Richard II Passivity Quotes
How we cite our quotes: (Act.Scene.Line)
Revolt our subjects? That we cannot mend.
They break their faith to God as well as us.
Cry woe, destruction, ruin and decay.
The worst is death, and Death will have his day. (3.2.6)
This is where Richard hears that he doesn't have any troops to protect him against Henry and his army. What's interesting is that Richard totally gives up, which says a lot about his weakness as a king. Instead of fighting or taking action, he feels sorry for himself and resigns himself to the fact that everybody dies sometime.
For God's sake let us sit upon the ground
And tell sad stories of the death of kings – (3.2.9)
You've got to be kidding. Instead of defending himself (or even running away from Bolingbroke), Richard decides to sit down on the ground and tell stories about other kings who have been murdered. Rather than think of his people, or his kingdom, he wallows in self-pity and tries to think of himself as a story, or a literary figure (and therefore larger than life).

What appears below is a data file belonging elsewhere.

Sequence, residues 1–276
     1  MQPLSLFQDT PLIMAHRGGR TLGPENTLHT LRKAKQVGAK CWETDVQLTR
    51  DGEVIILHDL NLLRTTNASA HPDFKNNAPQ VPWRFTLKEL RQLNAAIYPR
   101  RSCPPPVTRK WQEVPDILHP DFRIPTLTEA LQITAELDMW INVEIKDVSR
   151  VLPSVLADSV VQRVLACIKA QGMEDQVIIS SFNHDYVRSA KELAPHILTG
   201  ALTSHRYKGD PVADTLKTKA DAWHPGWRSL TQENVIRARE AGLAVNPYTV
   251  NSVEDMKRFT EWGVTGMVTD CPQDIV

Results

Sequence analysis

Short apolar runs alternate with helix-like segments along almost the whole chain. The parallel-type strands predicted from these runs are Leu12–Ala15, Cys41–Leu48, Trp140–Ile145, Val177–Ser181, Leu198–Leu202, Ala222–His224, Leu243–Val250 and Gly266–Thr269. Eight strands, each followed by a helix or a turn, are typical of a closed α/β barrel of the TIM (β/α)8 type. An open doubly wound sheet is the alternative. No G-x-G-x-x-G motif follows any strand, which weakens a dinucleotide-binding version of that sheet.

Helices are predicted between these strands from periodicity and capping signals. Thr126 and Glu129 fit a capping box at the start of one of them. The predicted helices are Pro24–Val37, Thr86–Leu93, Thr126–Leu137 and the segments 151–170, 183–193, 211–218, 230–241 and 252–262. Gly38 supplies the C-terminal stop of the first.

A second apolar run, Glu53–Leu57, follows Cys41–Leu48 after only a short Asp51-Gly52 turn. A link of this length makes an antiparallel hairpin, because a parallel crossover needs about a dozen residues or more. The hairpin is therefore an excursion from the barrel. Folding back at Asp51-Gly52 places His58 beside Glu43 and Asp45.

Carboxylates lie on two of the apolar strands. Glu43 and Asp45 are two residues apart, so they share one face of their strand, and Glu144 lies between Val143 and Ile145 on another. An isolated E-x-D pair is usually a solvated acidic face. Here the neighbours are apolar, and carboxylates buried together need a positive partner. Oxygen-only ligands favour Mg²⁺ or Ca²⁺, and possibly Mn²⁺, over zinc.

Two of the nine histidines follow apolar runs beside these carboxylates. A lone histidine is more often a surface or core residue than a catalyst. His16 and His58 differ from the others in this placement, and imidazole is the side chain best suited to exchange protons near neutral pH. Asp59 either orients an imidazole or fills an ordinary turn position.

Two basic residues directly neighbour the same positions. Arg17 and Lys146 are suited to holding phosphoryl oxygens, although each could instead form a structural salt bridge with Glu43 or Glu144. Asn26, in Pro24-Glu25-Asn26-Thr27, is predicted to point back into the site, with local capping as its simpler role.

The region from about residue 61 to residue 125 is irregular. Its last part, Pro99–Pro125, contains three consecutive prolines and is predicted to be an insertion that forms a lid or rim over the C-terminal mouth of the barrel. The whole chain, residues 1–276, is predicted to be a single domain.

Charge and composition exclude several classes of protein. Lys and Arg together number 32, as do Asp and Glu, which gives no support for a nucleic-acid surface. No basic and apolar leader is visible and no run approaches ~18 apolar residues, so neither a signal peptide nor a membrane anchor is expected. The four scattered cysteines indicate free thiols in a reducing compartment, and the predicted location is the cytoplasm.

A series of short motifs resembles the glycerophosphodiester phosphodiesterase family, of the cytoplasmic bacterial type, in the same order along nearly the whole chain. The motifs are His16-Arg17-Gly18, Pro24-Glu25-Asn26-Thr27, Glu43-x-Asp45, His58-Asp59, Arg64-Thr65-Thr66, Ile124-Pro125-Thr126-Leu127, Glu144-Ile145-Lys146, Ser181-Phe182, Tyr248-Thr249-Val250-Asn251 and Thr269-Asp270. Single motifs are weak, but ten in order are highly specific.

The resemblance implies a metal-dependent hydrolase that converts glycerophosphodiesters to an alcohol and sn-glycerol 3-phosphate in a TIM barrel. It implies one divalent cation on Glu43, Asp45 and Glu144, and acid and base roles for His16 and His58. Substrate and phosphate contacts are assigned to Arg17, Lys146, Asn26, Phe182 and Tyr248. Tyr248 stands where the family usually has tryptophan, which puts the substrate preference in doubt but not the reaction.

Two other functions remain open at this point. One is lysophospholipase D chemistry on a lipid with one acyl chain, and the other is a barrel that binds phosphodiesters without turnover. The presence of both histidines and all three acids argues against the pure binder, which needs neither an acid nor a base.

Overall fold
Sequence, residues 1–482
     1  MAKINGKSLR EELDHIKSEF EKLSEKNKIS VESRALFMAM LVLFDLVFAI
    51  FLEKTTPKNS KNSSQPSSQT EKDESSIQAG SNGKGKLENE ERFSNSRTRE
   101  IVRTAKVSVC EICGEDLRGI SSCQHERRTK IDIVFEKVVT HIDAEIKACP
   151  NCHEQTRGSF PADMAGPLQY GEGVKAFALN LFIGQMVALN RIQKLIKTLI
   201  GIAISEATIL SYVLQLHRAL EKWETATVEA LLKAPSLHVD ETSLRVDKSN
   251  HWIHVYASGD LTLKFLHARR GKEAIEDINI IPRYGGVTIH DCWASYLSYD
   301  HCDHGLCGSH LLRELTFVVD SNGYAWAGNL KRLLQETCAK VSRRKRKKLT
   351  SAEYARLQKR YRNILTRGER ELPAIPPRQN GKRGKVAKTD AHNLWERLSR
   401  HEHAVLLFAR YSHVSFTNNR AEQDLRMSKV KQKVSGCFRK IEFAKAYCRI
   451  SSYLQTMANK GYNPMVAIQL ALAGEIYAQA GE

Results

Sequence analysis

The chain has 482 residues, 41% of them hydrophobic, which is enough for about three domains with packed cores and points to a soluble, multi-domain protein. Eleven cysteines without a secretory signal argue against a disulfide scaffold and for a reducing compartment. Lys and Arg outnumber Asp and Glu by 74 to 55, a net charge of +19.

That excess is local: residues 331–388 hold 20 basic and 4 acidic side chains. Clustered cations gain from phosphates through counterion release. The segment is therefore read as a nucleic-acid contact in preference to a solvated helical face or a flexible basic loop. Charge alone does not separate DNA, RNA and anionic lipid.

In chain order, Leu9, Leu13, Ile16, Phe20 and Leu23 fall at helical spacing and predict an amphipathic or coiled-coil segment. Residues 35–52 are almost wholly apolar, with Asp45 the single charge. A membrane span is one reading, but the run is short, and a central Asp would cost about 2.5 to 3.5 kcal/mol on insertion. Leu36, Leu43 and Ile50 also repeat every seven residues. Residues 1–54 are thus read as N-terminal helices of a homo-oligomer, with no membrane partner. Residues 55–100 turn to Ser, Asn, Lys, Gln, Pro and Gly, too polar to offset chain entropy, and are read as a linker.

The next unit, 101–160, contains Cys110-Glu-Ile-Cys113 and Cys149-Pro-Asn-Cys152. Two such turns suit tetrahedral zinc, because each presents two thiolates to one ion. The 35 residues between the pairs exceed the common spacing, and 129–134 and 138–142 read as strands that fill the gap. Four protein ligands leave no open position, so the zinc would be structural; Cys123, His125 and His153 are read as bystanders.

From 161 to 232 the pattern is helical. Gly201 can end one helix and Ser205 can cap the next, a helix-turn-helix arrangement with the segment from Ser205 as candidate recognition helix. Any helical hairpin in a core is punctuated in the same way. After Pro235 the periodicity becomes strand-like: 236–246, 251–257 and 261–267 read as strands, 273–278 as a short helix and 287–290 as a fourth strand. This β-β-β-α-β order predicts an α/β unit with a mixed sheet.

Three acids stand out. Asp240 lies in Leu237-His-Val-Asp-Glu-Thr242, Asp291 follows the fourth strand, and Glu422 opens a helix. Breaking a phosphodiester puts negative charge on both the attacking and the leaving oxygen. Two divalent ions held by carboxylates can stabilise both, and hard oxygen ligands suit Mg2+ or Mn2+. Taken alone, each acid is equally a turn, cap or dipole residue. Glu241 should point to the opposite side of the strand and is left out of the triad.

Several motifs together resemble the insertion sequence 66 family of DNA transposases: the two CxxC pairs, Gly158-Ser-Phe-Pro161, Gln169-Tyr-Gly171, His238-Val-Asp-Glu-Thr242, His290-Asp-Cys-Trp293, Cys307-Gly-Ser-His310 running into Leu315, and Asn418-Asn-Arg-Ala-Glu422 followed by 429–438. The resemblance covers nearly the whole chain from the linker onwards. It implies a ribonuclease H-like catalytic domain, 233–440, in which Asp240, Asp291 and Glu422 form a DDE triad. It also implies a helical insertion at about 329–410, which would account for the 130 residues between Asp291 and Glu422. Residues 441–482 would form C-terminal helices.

My lord, wise men ne'er sit and wail their woes,
But presently prevent the ways to wail. (3.2.1)
Here Carlisle tries to talk some sense into Richard by telling him to get a grip and fight for his kingdom. Richard is a pretty unstable guy: the minute his power is threatened, he folds and starts feeling sorry for himself. In principle, this isn't that different from all the other ways Richard has let things go badly by refusing to take action.